By Journal Staff on Sun, Jun 19, 2011
Back in September, the Centro Espirita Beneficente Uniao Do Vegetal – or UDV, a Christian-based religion originating in Brazil with a congregation in Arroyo Hondo – was pleading for a public hearing on its application to build a church in the southeast-Santa Fe suburb. The church had been going around and around with the county’s land use department on the application for more than a year before that, as the county raised objection after objection in what was certainly beginning to look like an attempt to stall the project indefinitely.
Now, well over two years after the church’s initial application, the Santa Fe County Commission has finally held one public hearing on the subject. That was last week, and the commission decided to table the issue for yet another month, apparently because some Arroyo Hondo residents object to the church’s plan.
As the Journal noted last September, we’d ordinarily applaud county efforts to make sure infill development doesn’t cause problems in an established neighborhood. But in the case of the UDV church, that shouldn’t be any kind of issue.
The fact is, the church has been holding services at the exact same location it proposes to build for more than a decade, with no complaints or problems on record from the neighborhood. Nevertheless, the objecting neighbors are now pulling out all the stops, hiring hydrologists, for example, who argue that the new building’s sewage treatment system possibly will allow contaminants from the mildly hallucinogenic tea used in UDV rites to leach into the water table.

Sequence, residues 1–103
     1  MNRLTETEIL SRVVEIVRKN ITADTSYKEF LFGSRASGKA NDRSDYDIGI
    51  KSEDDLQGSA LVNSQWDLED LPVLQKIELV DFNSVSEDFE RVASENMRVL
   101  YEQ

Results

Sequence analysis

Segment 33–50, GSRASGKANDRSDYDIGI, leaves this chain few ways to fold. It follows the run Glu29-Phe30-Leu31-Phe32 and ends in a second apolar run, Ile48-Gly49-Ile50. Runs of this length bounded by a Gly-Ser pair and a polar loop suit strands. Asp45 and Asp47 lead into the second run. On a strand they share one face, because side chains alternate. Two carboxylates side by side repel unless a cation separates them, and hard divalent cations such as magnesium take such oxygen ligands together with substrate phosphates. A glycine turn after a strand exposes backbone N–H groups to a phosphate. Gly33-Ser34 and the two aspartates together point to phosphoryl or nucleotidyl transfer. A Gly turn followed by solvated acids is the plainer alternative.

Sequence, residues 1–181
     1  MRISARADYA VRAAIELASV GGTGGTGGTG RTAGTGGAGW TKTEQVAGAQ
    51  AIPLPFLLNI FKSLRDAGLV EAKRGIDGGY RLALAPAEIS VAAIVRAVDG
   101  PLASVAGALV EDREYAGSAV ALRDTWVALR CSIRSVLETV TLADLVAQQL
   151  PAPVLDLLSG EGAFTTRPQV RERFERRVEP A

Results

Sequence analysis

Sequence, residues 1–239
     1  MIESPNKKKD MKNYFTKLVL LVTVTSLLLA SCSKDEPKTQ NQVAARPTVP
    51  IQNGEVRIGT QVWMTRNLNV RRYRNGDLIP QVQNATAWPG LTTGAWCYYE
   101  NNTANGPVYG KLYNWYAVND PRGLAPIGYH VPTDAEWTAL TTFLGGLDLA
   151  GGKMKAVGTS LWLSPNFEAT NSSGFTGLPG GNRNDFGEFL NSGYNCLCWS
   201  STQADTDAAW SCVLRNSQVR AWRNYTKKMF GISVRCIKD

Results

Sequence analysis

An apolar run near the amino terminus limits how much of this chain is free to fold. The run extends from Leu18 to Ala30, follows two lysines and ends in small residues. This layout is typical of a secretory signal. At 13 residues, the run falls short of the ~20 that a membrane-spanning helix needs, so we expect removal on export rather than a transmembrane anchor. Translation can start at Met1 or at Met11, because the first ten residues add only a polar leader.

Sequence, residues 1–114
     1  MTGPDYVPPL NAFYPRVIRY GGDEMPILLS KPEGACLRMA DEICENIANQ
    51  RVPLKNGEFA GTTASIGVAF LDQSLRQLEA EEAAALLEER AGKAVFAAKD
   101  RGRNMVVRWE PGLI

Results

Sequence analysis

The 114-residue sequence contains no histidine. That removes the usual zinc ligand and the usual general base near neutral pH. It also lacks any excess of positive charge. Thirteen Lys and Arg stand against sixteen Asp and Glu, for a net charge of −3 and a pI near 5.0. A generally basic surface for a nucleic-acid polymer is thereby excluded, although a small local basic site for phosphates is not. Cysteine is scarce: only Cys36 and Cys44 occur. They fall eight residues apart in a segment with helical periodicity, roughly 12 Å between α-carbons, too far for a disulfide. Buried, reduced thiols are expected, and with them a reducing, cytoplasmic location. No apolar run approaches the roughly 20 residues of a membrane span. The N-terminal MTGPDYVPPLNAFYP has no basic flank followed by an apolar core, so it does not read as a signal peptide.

Given the length of time and extent of concentrations it takes for ordinary contaminants from septic tanks to pose any danger to surrounding communities, this argument sounds nothing short of preposterous.
Neighborhood claims that the comings and goings of the 100 or so church congregants will disturb their enclave are equally preposterous, given the fact that the congregants have been coming and going for years without disturbing anybody.
(Incidentally, allowing churches in residential neighborhoods is a long-respected practice in Santa Fe as well as elsewhere. We can think of several Santa Fe mainstream churches with congregations many times the size of the Arroyo Hondo UDV that have been neighborhood fixtures for decades – even generations.)
Freedom to practice religion was a founding principal of our nation. Santa Fe’s county commissioners may want to ponder that, as well as refresh their acquaintance with the First Amendment, as they consider how to vote on the UDV building application.